The Boiler Upgrade Scheme (BUS) is now officially live. For those that don’t know, this is the £5,000 heat pump voucher scheme. One of the criteria is that to be eligible the heat pump of choice must achieve a COP of 2.8 in heating mode (there is no limit in hot water) at the design flow temperature.
For people new to heat pumps and who haven’t read my book (50 Things You Need To Know About Heat Pumps) COP (Coefficient of Performance) is just percentage efficiency divided by 100. A COP of 2.8 means that for every unit of electricity we use, we have to gather 1.8 units from the air in the garden and supply 2.8 units of heat to the house.
If the heat pump is either not on the MCS product register, is less efficient than 280% or doesn’t achieve a COP or SCOP of 2.8 as listed on the MCS database it does not qualify so you won’t get the voucher.
Now let’s imagine I had the time to go on the MCS product database and gather all the COPs of every unit, write them down and put them in an Excel spreadsheet – I could tell some really interesting stories.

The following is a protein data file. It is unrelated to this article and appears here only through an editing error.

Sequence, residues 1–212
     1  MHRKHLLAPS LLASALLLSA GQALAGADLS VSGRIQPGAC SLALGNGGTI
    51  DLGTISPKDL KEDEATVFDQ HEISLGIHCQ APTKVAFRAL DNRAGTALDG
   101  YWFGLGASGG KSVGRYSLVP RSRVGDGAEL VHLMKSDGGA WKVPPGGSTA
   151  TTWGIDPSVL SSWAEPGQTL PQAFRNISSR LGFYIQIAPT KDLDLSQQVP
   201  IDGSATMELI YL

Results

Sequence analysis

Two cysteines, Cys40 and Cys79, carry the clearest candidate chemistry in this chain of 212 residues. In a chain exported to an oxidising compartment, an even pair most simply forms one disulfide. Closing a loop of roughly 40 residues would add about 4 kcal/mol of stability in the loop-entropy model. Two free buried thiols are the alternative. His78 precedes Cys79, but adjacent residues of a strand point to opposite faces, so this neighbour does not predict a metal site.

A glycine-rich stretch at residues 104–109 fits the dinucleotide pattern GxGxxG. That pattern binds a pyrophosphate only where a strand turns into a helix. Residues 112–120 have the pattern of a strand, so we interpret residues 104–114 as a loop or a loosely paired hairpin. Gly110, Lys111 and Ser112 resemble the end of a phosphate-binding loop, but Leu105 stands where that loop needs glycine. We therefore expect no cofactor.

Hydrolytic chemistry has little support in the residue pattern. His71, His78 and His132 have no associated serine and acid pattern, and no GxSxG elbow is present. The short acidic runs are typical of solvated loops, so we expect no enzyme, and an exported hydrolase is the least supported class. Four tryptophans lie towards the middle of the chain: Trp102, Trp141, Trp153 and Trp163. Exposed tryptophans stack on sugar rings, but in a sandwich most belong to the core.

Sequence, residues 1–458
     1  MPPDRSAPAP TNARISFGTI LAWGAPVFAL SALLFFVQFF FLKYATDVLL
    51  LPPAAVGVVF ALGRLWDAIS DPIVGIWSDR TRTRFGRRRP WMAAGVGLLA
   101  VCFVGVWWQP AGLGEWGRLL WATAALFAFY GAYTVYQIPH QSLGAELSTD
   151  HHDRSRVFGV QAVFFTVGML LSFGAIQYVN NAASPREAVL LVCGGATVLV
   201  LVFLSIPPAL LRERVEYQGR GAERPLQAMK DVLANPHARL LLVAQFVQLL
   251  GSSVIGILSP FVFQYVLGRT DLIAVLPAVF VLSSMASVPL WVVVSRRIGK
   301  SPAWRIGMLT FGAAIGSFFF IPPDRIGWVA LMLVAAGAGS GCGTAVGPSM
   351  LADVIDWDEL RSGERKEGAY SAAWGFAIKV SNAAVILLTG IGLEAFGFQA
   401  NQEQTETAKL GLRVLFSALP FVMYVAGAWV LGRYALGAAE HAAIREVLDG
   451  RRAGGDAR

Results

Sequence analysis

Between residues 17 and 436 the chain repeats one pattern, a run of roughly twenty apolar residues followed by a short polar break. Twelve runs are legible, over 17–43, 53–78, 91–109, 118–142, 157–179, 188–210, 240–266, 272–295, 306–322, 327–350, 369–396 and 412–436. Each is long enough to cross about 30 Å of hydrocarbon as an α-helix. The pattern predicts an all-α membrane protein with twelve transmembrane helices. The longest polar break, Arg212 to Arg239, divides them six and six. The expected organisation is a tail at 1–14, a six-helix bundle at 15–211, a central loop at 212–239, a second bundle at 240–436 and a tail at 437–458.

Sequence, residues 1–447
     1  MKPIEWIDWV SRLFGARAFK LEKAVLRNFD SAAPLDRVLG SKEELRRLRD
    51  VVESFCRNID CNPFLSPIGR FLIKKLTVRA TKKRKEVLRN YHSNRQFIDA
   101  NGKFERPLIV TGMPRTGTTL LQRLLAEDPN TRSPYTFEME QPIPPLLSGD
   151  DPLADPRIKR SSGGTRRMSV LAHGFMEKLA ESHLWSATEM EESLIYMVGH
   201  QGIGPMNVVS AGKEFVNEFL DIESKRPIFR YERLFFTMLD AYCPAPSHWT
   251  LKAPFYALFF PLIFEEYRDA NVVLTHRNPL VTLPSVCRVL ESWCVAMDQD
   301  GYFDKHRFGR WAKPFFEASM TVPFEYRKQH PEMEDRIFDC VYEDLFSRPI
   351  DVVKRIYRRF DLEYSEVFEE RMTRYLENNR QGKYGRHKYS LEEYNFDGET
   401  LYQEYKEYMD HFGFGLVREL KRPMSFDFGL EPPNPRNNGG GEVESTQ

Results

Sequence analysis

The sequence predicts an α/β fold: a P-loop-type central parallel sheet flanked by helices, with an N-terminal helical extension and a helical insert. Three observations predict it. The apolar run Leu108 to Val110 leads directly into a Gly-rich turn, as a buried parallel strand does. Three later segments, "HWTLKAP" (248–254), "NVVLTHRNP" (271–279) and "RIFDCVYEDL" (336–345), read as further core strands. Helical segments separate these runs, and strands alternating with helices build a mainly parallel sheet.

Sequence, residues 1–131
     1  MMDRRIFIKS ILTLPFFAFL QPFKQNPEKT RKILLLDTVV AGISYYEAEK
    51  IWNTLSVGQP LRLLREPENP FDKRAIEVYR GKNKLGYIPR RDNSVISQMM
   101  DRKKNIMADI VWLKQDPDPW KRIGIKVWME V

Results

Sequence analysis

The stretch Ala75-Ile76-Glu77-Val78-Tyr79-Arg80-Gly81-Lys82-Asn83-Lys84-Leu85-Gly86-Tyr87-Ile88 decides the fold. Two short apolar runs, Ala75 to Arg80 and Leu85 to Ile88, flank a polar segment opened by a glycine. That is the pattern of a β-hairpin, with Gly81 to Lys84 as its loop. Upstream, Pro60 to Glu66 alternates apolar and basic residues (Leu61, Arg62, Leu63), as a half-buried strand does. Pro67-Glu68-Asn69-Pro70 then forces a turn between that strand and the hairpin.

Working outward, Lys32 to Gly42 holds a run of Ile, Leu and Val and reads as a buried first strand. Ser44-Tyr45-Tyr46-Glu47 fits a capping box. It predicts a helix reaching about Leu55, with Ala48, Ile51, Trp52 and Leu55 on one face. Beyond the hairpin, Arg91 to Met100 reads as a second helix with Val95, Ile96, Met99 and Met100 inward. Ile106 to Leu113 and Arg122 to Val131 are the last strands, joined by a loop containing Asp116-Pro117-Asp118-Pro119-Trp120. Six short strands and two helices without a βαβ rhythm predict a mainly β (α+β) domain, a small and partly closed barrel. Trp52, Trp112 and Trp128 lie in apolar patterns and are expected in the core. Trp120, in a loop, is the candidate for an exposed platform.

Here is a snippet:
There are 1,177 air source heat pumps on the register. Some units cannot run at every temperature – there are some low temperature units and some that are high temperature.
If you run your heat pump at a design temperature of 35C, 1,166 heat pumps can achieve this, but only 1,144 of them meet the SCOP of 2.8.
At 45C, 1,149 heat pumps can achieve this temperature and 1,121 are eligible for BUS vouchers.
At 50C, 1,112 heat pumps can achieve this temperature and only 1,077 will meet the 2.8 SCOP.
There are only 111 heat pumps which can reach 60C of which 25 fail to reach an SCOP of 2.8.
In all cases every unit which fails to hit the target COP has been on the MCS database for more than 5 years.
So we can conclude that any heat pump available today will meet the SCOP target of 2.8 and is eligible to get the BUS. The bar has been set very, very low indeed. No one has been thrown under the BUS so to speak.
Now for the fun bit.
Who makes the unit with the highest SCOP?
Who makes the worst SCOP unit?
Who hasn’t released any new units for eons?
Are heat pumps with the new wonder refrigerant, R290 higher COP than those old R32 units?
What effect does running the unit at 35, 45, 55 and 65C make on the SCOP and run cost?
Are splits really more efficient than monoblocs?
I bet you’d love the answers to these questions, but I’m a heat pump consultant and that sort of information isn’t free. If I get time I will write a report and sell it in the foreseeable future, but don’t hold your breath because I’m off on holidays later this week.